This is a “two-fer” post– at least it’s two different but related topics.
First, Pearson announced this week that they are abandoning publishing print textbooks and are moving toward digitally delivered materials. Here’s the Inside Higher Ed article on it. A lot of the comments on this article (I made a couple comments myself) are about how print books are “better” than digital ones, and also how Pearson’s goal is to undercut the used book market since in the U.S. publishers (and authors) don’t make any money from used books. Matt “Dean Dad” Reed has some good observations here, and I think Bryan Alexander’s tweets on this are also pretty accurate. I’ll add two other observations.
I think this is a sign that Pearson is circling the drain, and it reminds me of what happened in the world of big box bookstores. Borders is the poster child for this, and about 10 years ago, it was in the news locally because Ann Arbor is where they started and where they had their headquarters. They expanded like crazy, which (along with Barnes and Noble) drove a ton of independent bookstores out of business before they went out of business themselves. Obviously, Amazon was mostly responsible for Borders’ demise, but I’d also argue they grew too big/too fast, they were terribly managed, and they forgot what business they were in. Back in 2008, I blogged here about going to a goofy new “concept store” in Ann Arbor and I noted how most of the store seemed to be devoted to selling mainly book-related gadgets and doo-dads and to run a coffee shop. It felt like a desperate move to do something because they were no longer making money at the main thing they did for decades, which was sell books.
Now, I know Pearson et al will argue “no no, we are in the education business, we are in the knowledge distribution business” or some such thing. Joshua Kim has a commentary where he argues Pearson has made the right move and knows exactly what they’re doing. I just don’t think that’s true. It wasn’t true for Borders, and to mix my metaphors/analogies here a bit, it wasn’t true for a lot of newspapers including (and also local!) The Ann Arbor News which tried to briefly survive online. Plus Pearson is going to have to step up the quality of its digital offerings a lot to make it worthwhile.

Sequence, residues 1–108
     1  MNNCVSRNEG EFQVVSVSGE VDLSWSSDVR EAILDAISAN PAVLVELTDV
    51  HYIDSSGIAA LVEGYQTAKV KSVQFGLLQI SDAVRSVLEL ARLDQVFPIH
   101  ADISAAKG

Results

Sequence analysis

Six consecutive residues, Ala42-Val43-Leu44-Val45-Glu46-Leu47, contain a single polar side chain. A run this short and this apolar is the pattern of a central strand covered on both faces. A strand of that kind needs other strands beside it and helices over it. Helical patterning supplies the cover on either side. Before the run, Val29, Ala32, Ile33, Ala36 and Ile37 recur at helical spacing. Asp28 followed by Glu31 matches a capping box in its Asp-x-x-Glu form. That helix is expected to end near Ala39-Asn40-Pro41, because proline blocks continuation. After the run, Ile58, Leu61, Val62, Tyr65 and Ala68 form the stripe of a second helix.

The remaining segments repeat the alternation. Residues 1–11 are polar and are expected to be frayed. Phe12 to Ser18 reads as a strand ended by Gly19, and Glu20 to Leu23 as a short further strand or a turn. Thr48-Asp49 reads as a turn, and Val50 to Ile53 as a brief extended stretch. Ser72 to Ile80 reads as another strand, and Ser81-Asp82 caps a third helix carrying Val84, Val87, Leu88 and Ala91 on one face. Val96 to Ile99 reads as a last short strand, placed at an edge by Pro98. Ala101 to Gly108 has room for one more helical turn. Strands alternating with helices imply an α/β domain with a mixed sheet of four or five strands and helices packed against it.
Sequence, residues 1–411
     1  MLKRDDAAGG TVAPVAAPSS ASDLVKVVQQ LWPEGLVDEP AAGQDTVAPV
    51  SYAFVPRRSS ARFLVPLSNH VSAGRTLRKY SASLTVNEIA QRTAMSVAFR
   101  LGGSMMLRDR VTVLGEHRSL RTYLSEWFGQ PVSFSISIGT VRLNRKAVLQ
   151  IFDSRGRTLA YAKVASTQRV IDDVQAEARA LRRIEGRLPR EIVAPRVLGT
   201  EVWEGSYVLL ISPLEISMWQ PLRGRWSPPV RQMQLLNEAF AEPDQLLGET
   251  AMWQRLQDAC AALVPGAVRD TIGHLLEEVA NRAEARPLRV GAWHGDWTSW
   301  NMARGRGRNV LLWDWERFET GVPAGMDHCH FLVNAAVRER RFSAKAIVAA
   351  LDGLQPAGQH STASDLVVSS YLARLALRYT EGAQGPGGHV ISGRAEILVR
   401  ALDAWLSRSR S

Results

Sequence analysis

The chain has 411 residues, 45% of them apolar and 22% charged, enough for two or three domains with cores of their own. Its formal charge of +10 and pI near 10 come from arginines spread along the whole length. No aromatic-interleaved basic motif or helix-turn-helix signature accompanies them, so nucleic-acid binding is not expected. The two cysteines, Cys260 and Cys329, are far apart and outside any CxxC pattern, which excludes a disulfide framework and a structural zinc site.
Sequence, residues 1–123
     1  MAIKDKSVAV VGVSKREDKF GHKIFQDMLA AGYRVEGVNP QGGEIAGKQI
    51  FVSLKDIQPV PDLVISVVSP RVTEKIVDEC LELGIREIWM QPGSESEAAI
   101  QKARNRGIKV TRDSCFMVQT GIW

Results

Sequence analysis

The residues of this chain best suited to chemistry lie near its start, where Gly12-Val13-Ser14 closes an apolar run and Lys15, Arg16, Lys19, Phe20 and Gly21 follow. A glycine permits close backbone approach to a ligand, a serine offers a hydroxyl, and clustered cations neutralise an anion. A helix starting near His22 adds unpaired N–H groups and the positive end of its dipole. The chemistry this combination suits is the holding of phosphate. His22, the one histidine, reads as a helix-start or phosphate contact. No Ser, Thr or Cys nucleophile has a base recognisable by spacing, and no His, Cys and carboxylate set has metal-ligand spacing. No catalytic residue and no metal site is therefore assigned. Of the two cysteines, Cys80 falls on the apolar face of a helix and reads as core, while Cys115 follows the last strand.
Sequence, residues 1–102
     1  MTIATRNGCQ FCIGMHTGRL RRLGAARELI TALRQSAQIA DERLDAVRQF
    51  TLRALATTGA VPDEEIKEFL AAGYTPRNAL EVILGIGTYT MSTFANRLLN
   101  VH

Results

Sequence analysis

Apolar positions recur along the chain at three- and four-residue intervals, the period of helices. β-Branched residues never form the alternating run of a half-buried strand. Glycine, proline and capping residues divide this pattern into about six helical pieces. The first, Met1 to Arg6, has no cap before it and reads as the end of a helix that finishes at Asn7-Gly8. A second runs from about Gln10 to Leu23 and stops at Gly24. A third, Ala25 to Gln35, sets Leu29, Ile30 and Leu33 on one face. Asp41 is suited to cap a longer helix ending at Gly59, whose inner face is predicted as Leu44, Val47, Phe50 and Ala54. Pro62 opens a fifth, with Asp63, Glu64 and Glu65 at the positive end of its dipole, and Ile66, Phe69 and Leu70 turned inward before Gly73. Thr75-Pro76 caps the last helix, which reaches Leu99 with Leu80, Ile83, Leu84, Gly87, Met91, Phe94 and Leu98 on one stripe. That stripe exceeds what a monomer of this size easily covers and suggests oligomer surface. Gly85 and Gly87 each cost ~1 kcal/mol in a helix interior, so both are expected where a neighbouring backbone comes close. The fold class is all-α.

One related silver lining is perhaps this is the beginning of the end for Pearson (and the other remaining big textbook publishers) and it will lead us into a new era of small textbook publishers or other custom published enterprises. Border’s collapse helped usher in the ongoing comeback of independent bookstores, and I can see something like that happening with textbooks too. (Fun fact/tangent: the award-winning Ann Arbor bookstore Literati opened about 18 or so months after Borders went under, and the shelves in that store came from the liquidation sale of fixtures and stuff from what was Borders).
Second and more relevant for my purposes here, Pearson might be trying to get into something akin to the MOOC business– or at least what has come after the original “MOOC Moment.” After all, MOOCs have always been quite similar to textbooks. I am far from the only person who has observed this, and I wrote about it in more detail in my chapter in Invasion of the MOOCs and in other places in More Than a Moment. Both MOOCs and textbooks are a lot of content on a topic written and assembled by a (reasonably) well-known expert in the field– of course, with a team of collaborators and editors behind them.